Despite what some on social media may say or what the news may suggest, we live in marvelous age that people of the past could only but imagine. 

From a purely material perspective, we have adequate shelter against the elements.  We have an abundance of food and water.  We have things which transport us, services that care for us, and things that entertain us.

          From the intellectual perspective, we have schools, colleges, universities, and online institutions all complete with literally millions of books and articles.

          From the spiritual perspective, we have a buffet of belief systems ranging from religions, crystals, stars, books, and self-help philosophies with which we can safely choose.

          Yet, despite our abundance of things, knowledge, and spiritual offerings many people are dissatisfied with life.  Instead of fulfillment, there is loneliness.  Instead of peace, there is distress.  Instead of calm assurance about the future, there is timidity and anxiousness in this life and about the next.

          The anxiousness and lack of peace is translating into more aggressive behavior not just among adults but among our children.  A teacher in a local high school shared with me some observations about the aggressive behavior of children.  The teacher shared that the number of fights per day in the school is much higher this year than ever before.  The principals and teachers believe that the children are bringing the stress of our new COVID home and social lifestyles into the schools where it is then offloaded.

          We now live in an age of outrage.  The outrage on nearly every topic has begun to shift the central focus of lives from what we hold in common to what we hold in our differences.  How we differ is becoming more important than how we are similar.

          What is the antidote for this growing separation?  I would like to suggest the antidote is found in a change of heart expressed by the ancient Greeks in a single word, koinonia.

          Koinonia is defined simply as fellowship.  It is the close association between persons, emphasizing what is common between them and by extension, participation, and sharing, contributing, and gifting in one another as an outcome of such close relationship.  The word koinonia in its various forms is used over 40 times in the New Testament.  I would like us to take some time over the next couple of weeks to come to know what the Bible intends for us to understand about fellowship.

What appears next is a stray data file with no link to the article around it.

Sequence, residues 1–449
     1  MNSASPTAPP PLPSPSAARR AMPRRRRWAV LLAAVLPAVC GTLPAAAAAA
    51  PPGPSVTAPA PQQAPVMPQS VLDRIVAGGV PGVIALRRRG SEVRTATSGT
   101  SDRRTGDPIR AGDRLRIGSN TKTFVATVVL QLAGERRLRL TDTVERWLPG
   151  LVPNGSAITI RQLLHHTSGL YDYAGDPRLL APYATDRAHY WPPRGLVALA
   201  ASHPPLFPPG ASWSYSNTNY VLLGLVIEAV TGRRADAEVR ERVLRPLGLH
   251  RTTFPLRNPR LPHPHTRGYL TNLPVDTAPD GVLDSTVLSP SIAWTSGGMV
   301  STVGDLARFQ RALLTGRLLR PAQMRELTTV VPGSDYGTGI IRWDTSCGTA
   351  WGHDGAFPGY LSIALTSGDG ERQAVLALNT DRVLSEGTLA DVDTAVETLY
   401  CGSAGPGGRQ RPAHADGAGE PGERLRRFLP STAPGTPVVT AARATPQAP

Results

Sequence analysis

We begin today with the perhaps the highest order of koinonia, fellowship, expressed in our Scripture reading by the Apostle Paul to the church in Corinth.  Paul had established the church of Corinth on his second missionary trip.  Corinth was generally a wealthy city with a melting pot of cultures, philosophies, lifestyles, and religious beliefs.  I offer that description not just for the historical setting of Paul’s words but to see that our society differs from Corinth perhaps only in scale.  Paul was now away from the Corinth on his third missionary trip when unsettling news reached Paul.  The people of the Corinth church were beginning to separate and divide into different camps and groupings.

          Let’s look at Paul’s opening words from his first letter to the Corinthians.  “I always thank my God for you [the followers of Jesus in Corinth] because of his grace given you in Christ Jesus. For in him you have been enriched in every way—with all kinds of speech and with all knowledge— God thus confirming our testimony about Christ among you. Therefore you do not lack any spiritual gift as you eagerly wait for our Lord Jesus Christ to be revealed. He [God] will also keep you firm to the end, so that you will be blameless on the day of our Lord Jesus Christ. God is faithful, who has called you into fellowship [koinonia] with his Son, Jesus Christ our Lord” (1 Corinthians 1:4-9).

          Let’ start with Paul’s last word here.  “God is faithful, who has called you into fellowship [koinonia] with his Son, Jesus Christ our Lord” (1 Corinthians 1:9).  Paul made clear to the Corinthians that God acted on their behalf.  How so?  God was the one who called each member of the church to come into fellowship, koinonia, with his Son, Jesus.  Humanity’s embrace of God begins when they accept fellowship, that close association and sharing, with Jesus.